"He seems to have a lot of natural ability, but he also has drive and desire, and you can't teach that. You have to have those qualities in order to achieve and to excel."
Headley calls places like his speedway, which he said was built in the 1960s by a father for his children's use, "the grass roots of racing."
The Baltimore Grand Prix returns to the city for its second running Sept. 2, and "most of those drivers cut their teeth on karting, drivers like Jeff Gordon, Tony Stewart and Danica Patrick," Headley said. Some of them even attended divisional races at Sandy Hook "way back then," he said.
Six national karting champions have come out of the state over the past two years, he added, proving that "Maryland represents very well on the national scene."
"It's a hobby, but drivers take it seriously, and they are very, very competitive," Headley said.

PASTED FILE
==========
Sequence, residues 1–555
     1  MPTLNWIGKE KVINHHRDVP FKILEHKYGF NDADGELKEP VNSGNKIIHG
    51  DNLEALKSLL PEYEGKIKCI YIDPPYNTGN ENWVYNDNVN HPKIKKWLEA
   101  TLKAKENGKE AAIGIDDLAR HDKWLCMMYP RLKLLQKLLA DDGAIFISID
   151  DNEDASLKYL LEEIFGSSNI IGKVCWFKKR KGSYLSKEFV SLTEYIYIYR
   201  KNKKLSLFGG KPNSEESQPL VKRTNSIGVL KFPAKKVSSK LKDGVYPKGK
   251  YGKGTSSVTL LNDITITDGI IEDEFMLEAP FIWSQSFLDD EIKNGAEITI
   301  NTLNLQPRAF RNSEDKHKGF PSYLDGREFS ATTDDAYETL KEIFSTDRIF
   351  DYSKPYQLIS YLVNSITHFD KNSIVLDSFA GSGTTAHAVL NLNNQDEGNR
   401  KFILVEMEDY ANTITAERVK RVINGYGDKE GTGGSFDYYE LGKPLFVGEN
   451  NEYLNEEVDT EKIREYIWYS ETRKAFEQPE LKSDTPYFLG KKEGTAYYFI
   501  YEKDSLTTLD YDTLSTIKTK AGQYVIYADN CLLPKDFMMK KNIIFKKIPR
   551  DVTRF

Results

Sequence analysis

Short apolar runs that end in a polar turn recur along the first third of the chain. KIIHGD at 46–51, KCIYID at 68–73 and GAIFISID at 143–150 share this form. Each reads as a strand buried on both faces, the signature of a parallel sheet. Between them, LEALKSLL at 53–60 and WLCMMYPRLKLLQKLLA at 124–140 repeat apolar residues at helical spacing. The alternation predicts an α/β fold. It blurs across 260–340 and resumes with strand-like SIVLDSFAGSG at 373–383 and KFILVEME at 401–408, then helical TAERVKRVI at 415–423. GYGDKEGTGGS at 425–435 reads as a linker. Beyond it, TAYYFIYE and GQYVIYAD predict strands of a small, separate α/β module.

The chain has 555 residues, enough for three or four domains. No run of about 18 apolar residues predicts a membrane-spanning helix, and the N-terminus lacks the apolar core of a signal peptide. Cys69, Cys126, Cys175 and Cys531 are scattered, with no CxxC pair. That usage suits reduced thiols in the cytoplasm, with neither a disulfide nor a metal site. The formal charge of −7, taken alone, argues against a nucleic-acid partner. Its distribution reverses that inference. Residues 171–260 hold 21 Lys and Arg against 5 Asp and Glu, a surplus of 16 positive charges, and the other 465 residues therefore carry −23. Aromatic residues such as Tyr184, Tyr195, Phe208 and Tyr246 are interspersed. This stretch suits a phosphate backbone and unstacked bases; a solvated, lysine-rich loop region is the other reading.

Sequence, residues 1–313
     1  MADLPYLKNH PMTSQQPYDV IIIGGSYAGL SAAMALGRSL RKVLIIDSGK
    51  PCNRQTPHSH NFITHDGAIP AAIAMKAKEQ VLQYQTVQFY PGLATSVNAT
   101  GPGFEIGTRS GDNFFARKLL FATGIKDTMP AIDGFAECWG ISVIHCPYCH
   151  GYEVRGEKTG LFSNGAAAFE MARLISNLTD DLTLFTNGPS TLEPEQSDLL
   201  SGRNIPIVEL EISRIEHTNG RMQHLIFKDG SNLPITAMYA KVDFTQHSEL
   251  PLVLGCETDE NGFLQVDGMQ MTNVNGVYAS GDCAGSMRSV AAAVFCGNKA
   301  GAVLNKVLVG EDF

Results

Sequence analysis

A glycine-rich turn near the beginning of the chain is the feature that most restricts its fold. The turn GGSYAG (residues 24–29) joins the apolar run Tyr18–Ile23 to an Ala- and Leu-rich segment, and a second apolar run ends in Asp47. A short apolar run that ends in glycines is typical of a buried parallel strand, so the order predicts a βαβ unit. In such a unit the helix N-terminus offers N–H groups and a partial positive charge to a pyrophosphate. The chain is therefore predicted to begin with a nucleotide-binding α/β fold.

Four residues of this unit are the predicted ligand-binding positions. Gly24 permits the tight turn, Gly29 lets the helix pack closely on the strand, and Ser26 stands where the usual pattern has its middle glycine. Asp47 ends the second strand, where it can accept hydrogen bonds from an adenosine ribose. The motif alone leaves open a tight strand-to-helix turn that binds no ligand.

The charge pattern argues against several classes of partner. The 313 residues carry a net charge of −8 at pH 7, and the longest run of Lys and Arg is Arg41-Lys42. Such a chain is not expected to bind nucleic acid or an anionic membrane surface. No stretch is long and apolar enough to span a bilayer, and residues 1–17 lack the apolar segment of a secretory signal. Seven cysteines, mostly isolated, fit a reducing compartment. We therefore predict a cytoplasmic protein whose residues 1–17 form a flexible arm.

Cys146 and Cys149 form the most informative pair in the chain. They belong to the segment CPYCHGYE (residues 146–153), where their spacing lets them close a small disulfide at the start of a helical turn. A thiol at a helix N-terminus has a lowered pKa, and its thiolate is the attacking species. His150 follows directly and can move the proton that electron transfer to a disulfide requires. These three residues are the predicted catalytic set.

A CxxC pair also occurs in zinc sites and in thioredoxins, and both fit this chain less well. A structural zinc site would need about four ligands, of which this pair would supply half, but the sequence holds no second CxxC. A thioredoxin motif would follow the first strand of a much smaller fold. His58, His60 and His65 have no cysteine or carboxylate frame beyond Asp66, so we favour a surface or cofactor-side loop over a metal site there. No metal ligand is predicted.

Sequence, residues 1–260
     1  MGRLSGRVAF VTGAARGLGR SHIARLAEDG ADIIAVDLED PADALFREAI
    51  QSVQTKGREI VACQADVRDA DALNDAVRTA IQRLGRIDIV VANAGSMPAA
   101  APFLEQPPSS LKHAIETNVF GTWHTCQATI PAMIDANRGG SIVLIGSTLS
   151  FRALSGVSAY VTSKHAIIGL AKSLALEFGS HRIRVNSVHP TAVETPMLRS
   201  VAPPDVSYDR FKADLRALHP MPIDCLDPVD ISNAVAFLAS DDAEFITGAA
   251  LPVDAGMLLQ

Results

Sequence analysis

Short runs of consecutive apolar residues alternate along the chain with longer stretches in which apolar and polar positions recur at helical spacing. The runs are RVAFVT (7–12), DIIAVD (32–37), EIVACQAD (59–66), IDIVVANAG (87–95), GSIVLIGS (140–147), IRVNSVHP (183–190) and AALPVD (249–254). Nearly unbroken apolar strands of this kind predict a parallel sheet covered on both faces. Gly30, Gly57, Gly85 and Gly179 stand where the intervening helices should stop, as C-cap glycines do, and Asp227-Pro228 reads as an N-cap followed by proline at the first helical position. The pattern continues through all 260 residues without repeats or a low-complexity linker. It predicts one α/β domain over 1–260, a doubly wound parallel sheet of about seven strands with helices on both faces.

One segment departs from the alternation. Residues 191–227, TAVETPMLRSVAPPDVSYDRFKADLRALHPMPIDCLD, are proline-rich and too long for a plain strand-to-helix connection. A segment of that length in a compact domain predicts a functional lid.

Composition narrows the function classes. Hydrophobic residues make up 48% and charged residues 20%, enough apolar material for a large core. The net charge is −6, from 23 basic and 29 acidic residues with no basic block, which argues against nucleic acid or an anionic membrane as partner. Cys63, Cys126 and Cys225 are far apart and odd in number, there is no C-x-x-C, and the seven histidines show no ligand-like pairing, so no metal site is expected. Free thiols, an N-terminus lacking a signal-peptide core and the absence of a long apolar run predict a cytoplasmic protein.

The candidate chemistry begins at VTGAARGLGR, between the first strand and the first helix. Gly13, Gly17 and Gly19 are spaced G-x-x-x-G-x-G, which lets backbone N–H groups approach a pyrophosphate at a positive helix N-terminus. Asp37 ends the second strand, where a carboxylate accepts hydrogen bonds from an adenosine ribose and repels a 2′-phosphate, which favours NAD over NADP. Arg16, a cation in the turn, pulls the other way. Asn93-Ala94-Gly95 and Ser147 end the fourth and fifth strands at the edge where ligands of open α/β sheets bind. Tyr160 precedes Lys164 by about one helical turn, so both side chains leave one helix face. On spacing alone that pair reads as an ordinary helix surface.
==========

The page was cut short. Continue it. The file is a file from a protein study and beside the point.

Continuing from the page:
As for Zac, he and his parents believe he will stay connected in some way to racing from now on. The Fowlers even have their sights set on moving in the next several years to Mooresville, N.C., which isknown as "Race City, USA" because it is home to NASCAR racing teams, drivers and suppliers.
The young driver said he started with two dreams: to appear on TV and to be interviewed by a newspaper. With those two notches now in his belt, he's looking way into the future.
"I know I'll be a racer or an announcer or a flagman someday," he said. "I just love racing."